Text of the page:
Ladakh Buddhist Monk Leads A Campaign for Peaceful Resolution of Border Conflict

  • September 14, 2020
  • IDN

Photo: Bhikkhuh Sanghasena, a leading Buddhist monk based in the state capital Leh, led a procession of local spiritual leaders across the town centre. The spiritual leaders included not only Buddhists, but also Muslims, Hindus, Christians and Sikhs.

By Kalinga Seneviratne     14 September 2020

This article is the 43rd in a series of joint productions of Lotus News Features and IDN-InDepthNews, flagship agency of the Non-profit International Press SyndicateClick here for previous reports.

SINGAPORE (IDN) – When India’s Foreign Minister S. Jaishankar and his Chinese counterpart Wang Yi met on the sidelines of the Shanghai Cooperation Organisation foreign ministers’ meeting in Moscow on September 10, Wang noted that it was “normal for India and China to have differences as two neighbouring major countries”.

According to India’s NDTV network, he added, as Asia’s emerging powers, India and China need to cooperate and not confront each other, and promote mutual trust, not suspicion.

Himalayan mountain state of Ladakh has the biggest ratio of Buddhists of any Indian union territory, and Bhikkhu Sanghasena, a leading Buddhist monk, based in the state capital Leh has been leading a campaign for a peaceful resolution to the conflict, since the deadly clash between Indian and Chinese forces in June 2020 on the border that killed 20 Indian soldiers.

“If war breaks out, Ladakh being the border will be the first victim of war,” he told Lotus News in a WhatsApp interview from Leh. “People of Ladakh will suffer the most. We will become another Kashmir or Afghanistan,” he added.

When Ladakh was declared a union territory last year by the government of Prime Minister Narendra Modi, Buddhists in Ladakh were happy because, for the first time in India, Buddhists would have a greater say in the running of a state in the Indian federal system. But, Bhikkhu Sanghasena – who heads the Mahabodhi International Meditation Centre in Leh, a large Buddhist organisation with a variety of social service projects for the community – has lamented that spiritual leaders in India have been silent on the brewing conflict.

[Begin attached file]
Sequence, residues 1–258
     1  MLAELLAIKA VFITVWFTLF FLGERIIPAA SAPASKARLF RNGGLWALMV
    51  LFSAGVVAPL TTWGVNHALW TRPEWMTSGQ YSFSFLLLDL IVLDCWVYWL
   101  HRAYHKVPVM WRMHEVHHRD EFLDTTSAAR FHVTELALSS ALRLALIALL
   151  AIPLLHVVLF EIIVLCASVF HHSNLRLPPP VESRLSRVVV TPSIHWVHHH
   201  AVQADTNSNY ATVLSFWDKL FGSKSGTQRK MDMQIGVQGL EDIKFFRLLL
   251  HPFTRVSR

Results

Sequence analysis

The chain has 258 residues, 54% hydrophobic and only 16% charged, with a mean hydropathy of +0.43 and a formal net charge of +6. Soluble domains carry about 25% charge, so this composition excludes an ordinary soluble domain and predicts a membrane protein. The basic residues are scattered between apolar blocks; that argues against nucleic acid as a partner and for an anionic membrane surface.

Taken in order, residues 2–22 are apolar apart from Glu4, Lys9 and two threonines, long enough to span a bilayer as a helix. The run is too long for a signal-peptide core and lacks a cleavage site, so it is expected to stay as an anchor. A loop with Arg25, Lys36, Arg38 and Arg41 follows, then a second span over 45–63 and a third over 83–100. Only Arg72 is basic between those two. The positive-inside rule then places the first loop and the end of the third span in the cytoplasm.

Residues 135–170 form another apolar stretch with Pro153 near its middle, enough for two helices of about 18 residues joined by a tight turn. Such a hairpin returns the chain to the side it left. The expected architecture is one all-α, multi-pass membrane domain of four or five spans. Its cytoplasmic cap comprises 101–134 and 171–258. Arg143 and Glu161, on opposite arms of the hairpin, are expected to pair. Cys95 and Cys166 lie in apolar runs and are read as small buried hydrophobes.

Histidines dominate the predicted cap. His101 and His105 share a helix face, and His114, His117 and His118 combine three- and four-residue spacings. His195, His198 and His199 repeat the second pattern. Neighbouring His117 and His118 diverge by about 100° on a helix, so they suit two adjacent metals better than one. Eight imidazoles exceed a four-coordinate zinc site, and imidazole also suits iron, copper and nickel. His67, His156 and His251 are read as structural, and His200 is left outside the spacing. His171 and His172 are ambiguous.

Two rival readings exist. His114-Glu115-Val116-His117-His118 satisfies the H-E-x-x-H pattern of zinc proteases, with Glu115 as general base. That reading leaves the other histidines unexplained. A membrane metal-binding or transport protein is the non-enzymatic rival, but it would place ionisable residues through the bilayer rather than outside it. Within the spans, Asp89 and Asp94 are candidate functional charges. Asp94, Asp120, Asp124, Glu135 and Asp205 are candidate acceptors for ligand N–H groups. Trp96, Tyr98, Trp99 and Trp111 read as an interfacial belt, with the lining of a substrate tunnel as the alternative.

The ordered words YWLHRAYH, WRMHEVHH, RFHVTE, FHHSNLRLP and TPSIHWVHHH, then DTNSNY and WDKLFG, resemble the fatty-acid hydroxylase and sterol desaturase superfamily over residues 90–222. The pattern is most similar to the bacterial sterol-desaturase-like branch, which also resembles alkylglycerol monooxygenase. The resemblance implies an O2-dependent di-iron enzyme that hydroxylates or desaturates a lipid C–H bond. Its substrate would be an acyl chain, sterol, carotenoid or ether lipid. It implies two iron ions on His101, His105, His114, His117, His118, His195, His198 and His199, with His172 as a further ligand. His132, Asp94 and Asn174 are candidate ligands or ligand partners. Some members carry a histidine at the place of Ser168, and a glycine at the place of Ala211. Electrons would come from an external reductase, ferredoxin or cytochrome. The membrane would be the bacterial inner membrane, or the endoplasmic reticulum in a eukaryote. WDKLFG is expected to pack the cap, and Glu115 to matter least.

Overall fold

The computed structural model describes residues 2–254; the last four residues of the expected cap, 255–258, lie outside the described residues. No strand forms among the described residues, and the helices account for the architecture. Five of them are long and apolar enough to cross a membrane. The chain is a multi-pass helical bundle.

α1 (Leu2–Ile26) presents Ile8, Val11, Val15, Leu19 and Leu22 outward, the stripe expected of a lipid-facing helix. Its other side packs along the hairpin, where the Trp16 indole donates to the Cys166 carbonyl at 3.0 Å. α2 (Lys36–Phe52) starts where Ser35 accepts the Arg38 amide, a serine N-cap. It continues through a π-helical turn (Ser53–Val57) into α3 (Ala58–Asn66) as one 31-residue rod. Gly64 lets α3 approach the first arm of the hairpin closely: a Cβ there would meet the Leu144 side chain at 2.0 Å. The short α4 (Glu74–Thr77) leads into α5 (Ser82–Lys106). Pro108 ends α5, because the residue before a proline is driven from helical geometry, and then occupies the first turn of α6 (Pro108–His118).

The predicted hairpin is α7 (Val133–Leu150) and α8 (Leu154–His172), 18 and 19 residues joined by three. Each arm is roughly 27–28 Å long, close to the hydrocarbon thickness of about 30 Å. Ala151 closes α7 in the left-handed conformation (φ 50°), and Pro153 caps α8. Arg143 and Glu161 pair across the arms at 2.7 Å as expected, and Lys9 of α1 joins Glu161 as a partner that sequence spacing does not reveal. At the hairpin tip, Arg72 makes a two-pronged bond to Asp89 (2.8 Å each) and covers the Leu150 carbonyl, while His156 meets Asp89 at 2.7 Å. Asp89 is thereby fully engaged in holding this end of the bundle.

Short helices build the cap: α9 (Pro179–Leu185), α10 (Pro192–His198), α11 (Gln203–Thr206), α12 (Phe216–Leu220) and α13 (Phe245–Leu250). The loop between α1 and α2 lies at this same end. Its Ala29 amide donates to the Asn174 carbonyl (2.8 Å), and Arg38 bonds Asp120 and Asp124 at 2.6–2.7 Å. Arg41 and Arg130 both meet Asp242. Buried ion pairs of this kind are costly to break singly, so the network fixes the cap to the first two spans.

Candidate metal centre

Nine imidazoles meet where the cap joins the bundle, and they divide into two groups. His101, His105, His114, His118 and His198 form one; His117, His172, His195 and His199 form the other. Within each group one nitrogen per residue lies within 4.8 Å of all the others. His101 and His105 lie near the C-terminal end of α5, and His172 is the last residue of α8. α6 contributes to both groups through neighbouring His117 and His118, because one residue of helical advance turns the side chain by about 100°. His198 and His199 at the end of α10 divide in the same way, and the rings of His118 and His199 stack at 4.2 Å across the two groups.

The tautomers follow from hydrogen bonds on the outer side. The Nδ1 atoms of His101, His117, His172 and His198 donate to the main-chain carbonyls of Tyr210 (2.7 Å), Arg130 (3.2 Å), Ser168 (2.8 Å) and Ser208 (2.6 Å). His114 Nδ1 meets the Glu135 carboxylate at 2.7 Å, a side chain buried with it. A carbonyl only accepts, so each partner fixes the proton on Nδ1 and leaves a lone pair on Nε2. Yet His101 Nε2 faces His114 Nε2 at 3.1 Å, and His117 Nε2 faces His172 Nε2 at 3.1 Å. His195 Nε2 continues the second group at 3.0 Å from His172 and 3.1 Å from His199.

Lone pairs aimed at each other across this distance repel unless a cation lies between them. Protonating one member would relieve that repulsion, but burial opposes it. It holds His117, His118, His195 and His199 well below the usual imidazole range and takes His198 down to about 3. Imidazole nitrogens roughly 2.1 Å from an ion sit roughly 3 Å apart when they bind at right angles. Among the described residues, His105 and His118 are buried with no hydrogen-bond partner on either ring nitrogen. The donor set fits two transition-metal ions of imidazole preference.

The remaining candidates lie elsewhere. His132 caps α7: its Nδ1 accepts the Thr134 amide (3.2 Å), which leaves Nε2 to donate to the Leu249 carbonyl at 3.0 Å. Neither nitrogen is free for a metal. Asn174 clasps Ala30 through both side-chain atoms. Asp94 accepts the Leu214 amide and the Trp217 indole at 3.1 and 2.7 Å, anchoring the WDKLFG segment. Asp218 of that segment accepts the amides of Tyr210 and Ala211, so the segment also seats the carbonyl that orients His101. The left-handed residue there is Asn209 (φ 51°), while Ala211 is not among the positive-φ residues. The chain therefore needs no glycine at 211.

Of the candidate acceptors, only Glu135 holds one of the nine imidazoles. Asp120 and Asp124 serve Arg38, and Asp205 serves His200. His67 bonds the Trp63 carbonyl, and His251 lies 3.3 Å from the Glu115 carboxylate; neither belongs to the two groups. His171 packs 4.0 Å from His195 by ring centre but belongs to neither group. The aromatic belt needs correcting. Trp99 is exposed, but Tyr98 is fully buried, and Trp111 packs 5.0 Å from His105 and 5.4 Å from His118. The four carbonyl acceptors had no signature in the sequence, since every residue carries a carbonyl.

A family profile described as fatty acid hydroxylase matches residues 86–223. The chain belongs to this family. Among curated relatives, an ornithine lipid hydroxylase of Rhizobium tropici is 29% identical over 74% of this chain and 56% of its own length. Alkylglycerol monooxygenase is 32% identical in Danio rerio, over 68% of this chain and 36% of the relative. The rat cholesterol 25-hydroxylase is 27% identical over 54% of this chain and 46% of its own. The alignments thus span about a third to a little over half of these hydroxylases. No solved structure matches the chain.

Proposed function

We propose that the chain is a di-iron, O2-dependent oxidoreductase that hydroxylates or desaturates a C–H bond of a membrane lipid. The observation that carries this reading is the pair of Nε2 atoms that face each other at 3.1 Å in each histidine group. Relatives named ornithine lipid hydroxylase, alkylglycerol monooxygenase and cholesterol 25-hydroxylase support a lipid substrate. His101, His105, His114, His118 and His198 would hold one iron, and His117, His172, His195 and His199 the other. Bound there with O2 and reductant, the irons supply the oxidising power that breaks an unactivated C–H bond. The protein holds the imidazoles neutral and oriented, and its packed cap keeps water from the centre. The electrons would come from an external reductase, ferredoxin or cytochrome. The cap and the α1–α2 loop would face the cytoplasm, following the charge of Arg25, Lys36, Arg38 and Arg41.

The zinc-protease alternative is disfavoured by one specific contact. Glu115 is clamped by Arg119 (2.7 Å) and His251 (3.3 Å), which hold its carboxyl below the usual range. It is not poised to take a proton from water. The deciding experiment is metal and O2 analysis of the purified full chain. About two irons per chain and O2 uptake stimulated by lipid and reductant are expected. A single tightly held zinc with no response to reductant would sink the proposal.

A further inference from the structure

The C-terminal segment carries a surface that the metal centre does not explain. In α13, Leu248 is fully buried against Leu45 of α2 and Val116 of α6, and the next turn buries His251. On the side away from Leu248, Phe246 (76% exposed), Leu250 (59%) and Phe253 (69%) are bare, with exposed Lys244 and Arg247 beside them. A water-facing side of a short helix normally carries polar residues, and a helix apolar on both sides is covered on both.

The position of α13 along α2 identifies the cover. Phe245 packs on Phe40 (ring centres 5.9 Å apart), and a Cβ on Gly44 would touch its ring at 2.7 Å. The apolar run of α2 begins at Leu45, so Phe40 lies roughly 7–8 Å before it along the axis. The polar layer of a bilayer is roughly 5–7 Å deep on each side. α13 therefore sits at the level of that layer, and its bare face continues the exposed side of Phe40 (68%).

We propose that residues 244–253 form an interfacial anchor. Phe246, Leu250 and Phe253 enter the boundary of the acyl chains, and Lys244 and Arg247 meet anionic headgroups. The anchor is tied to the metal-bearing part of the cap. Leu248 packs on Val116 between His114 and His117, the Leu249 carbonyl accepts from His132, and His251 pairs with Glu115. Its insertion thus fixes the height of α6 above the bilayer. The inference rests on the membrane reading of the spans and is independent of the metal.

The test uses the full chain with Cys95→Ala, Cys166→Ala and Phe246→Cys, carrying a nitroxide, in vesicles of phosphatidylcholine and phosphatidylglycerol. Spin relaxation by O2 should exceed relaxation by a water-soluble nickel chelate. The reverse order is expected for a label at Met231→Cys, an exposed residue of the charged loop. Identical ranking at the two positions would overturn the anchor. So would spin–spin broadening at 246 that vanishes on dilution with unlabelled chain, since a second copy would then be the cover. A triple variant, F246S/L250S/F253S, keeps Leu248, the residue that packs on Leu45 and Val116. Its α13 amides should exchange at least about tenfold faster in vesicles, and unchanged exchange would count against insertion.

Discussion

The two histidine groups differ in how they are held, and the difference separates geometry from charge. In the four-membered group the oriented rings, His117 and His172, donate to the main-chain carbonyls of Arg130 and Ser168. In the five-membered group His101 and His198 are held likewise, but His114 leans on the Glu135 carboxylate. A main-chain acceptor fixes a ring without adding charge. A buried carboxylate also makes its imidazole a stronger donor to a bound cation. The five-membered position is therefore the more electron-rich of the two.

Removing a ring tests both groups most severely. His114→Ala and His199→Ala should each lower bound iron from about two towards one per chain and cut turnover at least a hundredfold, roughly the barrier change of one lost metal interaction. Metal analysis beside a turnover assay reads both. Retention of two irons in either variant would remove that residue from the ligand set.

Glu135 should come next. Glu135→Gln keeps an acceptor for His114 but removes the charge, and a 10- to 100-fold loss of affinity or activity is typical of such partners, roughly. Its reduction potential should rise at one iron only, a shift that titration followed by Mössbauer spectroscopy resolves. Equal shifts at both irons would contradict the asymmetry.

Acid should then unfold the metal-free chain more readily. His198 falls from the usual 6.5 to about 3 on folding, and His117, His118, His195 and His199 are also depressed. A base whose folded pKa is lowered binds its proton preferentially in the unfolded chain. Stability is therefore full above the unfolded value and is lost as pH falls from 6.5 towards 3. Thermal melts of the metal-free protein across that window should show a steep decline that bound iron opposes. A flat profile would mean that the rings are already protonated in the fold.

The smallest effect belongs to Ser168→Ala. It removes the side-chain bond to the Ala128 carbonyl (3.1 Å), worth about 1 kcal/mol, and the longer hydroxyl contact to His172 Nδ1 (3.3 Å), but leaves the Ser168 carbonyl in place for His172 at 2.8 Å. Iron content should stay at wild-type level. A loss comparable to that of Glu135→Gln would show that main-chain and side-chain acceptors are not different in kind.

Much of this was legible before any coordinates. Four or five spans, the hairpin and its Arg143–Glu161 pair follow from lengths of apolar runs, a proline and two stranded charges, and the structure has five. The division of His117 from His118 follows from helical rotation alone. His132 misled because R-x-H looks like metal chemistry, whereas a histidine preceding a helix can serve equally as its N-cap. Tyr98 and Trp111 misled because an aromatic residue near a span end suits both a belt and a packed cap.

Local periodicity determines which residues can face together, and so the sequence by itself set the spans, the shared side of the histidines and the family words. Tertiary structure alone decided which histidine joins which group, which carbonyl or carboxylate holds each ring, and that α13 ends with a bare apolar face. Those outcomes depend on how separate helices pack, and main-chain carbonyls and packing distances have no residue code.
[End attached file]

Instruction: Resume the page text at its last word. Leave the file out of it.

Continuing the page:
“It is the duty of every spiritual leader to promote peace,” he argues. “India is a land of millions of Yogis, Rishis (Hindu sages) and Munis (ancient Indian ascetics) who always said ‘Ahimsa Paramo Dharma’ (non-violence topmost duty). Thus non-violence has been the first slogan of Indian gurus. I’m surprised no gurus have come up to speak for a peaceful solution of the border conflict between India and China.”

On September 8, under the banner of “Work, Walk and Pray for Peace”, Bhikkhu Sanghasena led a procession of local spiritual leaders across Leh town centre that included not only Buddhists but also Muslims, Hindus, Christians and Sikhs. The local spiritual leaders prayed for the elimination of so much hatred, tensions, fear and instability that has gripped the community, and the speakers from each community called for wisdom to overcome ignorance, to enable them to live in peace and harmony.

“I’m very much disappointed with most of the Indian media. They promote hate, war and violence, and mislead the public” Bhikkhu Sanghasena told Lotus News.  “It is very sad; they lack moral responsibility towards the nation”.

“Indian news media talks of peace invoking figures like Mahatma Gandhi or Gautama Buddha but their inclination is towards a jingoistic nationalism” noted Sanjay Ranade, Communication and Journalism Professor at Mumbai University in an interview with Lotus News.

“Imagining a role to play as peacemakers in international conflict is beyond the capacity of the present editorial departments of news organisations in India. They will either toe the line of the ruling dispensation or side with the political opponents of the government” he added.